The reason why Sabah is targeted by many immigrants cannot be reduced to its geographical extent and position. Although the state of Sabah is close to Mindanao and shares cultural ties with the Southern Philippine region the immigrants’ intention to cross the Sabahan borders has presumably been mainly promoted by the second secret governmental operation of “Project 2”, also referred to as Project Mahathir or Project IC. According to non-Muslim Sabahans, Project Mahathir has noticeably influenced the demography of Sabah: More than half a million illegal immigrants are said to have been issued genuine ICs that allowed them to enjoy all the privileges of citizenship, including the right to vote. The legalisation of illegal immigrants can be seen as a cumulative process that encouraged an increasing number of Filipinos and Indonesians to emigrate.
The unregulated influx of foreigners in the nineties drastically changed Sabah’s ethnic composition. Non-Muslim natives allege that Project Mahathir is in fact the codename for a secret political strategy which was supposed to lead to a demographic change. Due to the fact that predominantly Muslim Suluks from the Southern Philippines and Muslim Bugis from Indonesia immigrated to the state of Sabah the local indigenous community of the Kadazandusuns and other indigenous groups lost influence. The preponderance of Filipinos is particularly appearing in towns such as Kinabatangan or Kunak where the native population is outnumbered one to two.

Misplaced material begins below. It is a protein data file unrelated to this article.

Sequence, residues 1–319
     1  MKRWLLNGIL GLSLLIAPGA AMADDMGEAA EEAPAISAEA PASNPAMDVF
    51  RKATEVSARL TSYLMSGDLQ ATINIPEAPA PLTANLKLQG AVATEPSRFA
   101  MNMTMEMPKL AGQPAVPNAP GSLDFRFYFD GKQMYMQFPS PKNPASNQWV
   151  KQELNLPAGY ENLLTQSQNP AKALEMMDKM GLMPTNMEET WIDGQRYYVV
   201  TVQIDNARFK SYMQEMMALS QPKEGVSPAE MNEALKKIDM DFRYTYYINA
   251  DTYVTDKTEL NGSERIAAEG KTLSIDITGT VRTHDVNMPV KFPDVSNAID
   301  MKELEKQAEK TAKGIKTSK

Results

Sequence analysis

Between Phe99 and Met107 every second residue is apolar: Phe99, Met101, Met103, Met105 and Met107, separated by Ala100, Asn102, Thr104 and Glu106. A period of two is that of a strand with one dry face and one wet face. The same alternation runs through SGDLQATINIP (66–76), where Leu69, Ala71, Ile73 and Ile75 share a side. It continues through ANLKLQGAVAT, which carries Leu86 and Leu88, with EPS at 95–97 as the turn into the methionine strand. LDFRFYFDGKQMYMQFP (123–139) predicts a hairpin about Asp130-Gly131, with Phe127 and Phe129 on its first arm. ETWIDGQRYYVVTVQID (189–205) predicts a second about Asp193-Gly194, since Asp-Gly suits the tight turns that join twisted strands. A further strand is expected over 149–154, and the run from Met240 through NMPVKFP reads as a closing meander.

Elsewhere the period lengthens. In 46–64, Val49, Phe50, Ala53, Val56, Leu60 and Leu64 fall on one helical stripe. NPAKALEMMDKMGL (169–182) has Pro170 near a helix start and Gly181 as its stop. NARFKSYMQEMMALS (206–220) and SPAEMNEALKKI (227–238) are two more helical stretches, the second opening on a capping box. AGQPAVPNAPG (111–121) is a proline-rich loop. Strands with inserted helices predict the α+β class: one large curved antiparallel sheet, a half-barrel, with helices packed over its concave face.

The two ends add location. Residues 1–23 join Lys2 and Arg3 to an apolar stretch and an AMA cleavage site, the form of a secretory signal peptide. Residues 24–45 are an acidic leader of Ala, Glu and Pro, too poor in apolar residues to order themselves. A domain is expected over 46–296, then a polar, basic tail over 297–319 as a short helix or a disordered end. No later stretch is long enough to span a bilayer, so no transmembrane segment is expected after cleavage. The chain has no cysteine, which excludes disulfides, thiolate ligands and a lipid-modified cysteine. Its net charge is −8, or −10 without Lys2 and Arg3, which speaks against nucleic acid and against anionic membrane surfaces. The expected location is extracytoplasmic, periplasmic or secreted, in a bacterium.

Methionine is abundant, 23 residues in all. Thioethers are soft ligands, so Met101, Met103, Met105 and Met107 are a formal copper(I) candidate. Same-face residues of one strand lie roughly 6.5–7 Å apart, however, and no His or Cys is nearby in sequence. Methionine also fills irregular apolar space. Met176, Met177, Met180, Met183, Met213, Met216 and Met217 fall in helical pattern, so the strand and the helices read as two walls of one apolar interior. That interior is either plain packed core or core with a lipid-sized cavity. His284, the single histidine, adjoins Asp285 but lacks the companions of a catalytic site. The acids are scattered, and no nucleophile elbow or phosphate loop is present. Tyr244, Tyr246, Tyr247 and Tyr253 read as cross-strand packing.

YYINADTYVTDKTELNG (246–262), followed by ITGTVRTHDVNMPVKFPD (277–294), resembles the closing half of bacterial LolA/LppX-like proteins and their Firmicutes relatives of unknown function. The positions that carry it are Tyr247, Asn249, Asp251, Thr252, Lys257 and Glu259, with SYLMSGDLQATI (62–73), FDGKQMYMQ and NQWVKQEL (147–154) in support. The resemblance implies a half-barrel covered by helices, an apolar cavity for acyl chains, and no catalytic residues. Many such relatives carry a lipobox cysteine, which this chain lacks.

Through the lack of organisation of citizenship immigrants do not necessarily depend on the help of politicians issuing ICs. Citizenship, far from being the most protected form of membership, is weakly institutionalized in Sabah: Inexistent birth certificates and passports among the native population created an unstructured citizen card mess which enables illegal immigrants to live and work without Identity Cards. Due to the fact that the precise number of illegal immigrants is not recordable, estimations of illegal residents fluctuate: While the Philippine embassy in Malaysia has given the figure of 500,000 Filipinos living in Sabah, the Indonesian consul general for Sabah and Sarawak has estimated 250,000 illegal Indonesian immigrants reside in the state. The central Malaysian government, however, denies the dimensions of the massive influx of immigrants. By admitting only 100,000 illegal immigrants in Sabah, Malaysia’s government gives the impression of deliberately covering up the truth. But why should a government support the legalisation of illegal immigrants?